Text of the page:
Hyde Park School of Dance Puts Modern Twist on Cinderella

The story of Cinderella warms the hearts of children and their parents in just about every culture across the globe, with its tale of oppression and triumphant reward gratifying our hope that goodness, and true love, can overcome adversity.


For centuries, Cinderella has been the subject of folktales, operas, ballets, stage plays, musical scores and films, and can be traced as far back as 7 BC, to the tale of “Rhodopis,” a Greek slave girl who marries the King of Egypt. The Bolshoi Theatre premiered Rostislav Zakharov's 1945 version to the Prokofiev score, with Galina Ulanova in the title role. The Joffrey staged a faithful reconstruction  in 2016,  and who could forget Disney?


Enter “Amira: A Chicago Cinderella Story,” with a modern twist, just in time for Hyde Park School of Dance’s 25th anniversary. (Friday through Sunday, June 15-17, Reva and David Logan Center for the Arts, on the University of Chicago campus.)


Under the direction of August Tye, Hyde Park School of Dance (HPSD), which she founded in 1993,  serves over 490 students of all races, ethnicities and economic backgrounds, from age three through adult, in 80 hours of classroom instruction per week, September through June, plus summer workshops and intensives.    


Tye, who is also Ballet Mistress of Lyric Opera of Chicago, was looking for a new story ballet that would be fun to create on the school’s students for its 25th anniversary. Cinderella, with its story appeal and vast numbers of characters for dancers of all ages and skill levels, seemed a perfect choice. After seeing a traditional ballet version, with the mean stepmother and ugly step-sisters, she said, “I just can’t do this!” She was determined to find a different way to tell the story. “It just came to me one day in the shower!” she said. The original Prokofiev ballet score would be great for a contemporary setting, and with immigration in the air, her transformation of the Cinderella story took off. Olivia Issa as Amira and Olivia Gotsch as Asha


The ballet opens with Amira, her parents, and her little sister at the Department of Immigration. Her mother doesn’t get through, but gives Amira her scarf, as a reminder that she would always be in her heart.  The mother becomes a kind of invisible phantom fairy godmother, looking over Amira and guiding her in spirit, dancing in the background. The rest of the story unfolds in the Hyde Park neighborhood where, as a new immigrant everything is foreign to her. Amira goes to high school. She dresses differently, acts differently from the other kids.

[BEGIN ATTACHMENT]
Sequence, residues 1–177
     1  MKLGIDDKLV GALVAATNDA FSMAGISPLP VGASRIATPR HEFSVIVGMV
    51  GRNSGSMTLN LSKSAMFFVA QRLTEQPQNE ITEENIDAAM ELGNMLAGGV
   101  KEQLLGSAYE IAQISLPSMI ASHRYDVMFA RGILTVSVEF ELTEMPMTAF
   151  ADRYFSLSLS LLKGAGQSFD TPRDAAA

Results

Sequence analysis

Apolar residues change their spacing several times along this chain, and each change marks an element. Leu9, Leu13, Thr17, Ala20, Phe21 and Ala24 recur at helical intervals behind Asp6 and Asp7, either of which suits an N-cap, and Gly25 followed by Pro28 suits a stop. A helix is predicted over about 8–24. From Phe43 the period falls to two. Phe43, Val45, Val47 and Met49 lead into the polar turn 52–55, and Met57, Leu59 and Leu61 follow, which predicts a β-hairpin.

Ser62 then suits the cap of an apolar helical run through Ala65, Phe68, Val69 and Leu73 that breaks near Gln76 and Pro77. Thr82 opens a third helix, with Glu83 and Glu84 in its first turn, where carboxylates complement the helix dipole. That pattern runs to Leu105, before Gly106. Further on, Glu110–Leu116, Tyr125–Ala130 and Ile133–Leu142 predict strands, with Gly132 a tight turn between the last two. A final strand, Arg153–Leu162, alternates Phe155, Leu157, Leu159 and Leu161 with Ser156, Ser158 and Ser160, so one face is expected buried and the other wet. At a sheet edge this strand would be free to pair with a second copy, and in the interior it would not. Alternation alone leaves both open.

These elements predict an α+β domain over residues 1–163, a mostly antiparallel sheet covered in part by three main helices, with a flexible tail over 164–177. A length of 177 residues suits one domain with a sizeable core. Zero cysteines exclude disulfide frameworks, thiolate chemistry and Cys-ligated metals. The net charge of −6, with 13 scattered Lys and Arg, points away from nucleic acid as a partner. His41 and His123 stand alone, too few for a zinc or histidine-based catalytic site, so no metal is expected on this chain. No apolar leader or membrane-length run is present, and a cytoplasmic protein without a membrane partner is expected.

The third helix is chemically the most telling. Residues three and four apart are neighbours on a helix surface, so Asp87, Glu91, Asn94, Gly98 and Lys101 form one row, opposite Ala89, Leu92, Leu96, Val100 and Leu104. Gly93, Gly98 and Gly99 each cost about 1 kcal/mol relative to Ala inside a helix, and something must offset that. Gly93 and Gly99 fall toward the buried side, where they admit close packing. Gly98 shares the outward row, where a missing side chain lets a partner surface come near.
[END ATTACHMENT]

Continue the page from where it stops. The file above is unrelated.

The ugly stepsisters translate into the mean girls at school, played for humor by HPSD’s most advanced, pre-professional high school students, who make fun of Amira and taunt her with their cell phones. They faun over the most popular boy, Ordell, but he notices Amira, says hi to her, and is kind. One girl is also nice to Amira and gives her an invitation to a masked ball.Amira and The Mean Girls   


Excited to be invited, Amira goes home to tell her little sister all about it, but she laments that she has nothing to wear. In despair, Amira runs off to The Point, a Hyde Park landmark on the lake, where, in a magical story twist, fireflies and frogs come out to dance with her and transform her clothes with their lights. They are also the timekeepers who come out at midnight.


At the masked ball, at the stroke of midnight, instead of her shoe, Amira loses the scarf her mother had given her, and you can guess what happens after that. 


In all, 125 dancers perform, 60 of whom are from the school’s studio company. Anyone who auditioned got a part, including adult dancers who appear as guests at the masked ball. Among them are guest artist Jeremiah O’Connor, a teacher at the Joffrey Academy, and his wife, Ginger. As with HPSD’s annual “Nutcracker,” parents and family members of the dancers volunteer in all production capacities, from scenery design and set construction to costumes, props and publicity, making this a truly community-wide event.


The family-friendly, 75-minute long production premieres at 7 PM this Friday, June 15, at the Reva And David Logan Center for the Arts, 915 East 60th Street, Chicago. Additional performances are Saturday, June 16 at 1 PM and 6 PM, and Sunday, June 17, at 2 PM. For tickets and directions, go to seechicagodance.com and click on “See Dance.”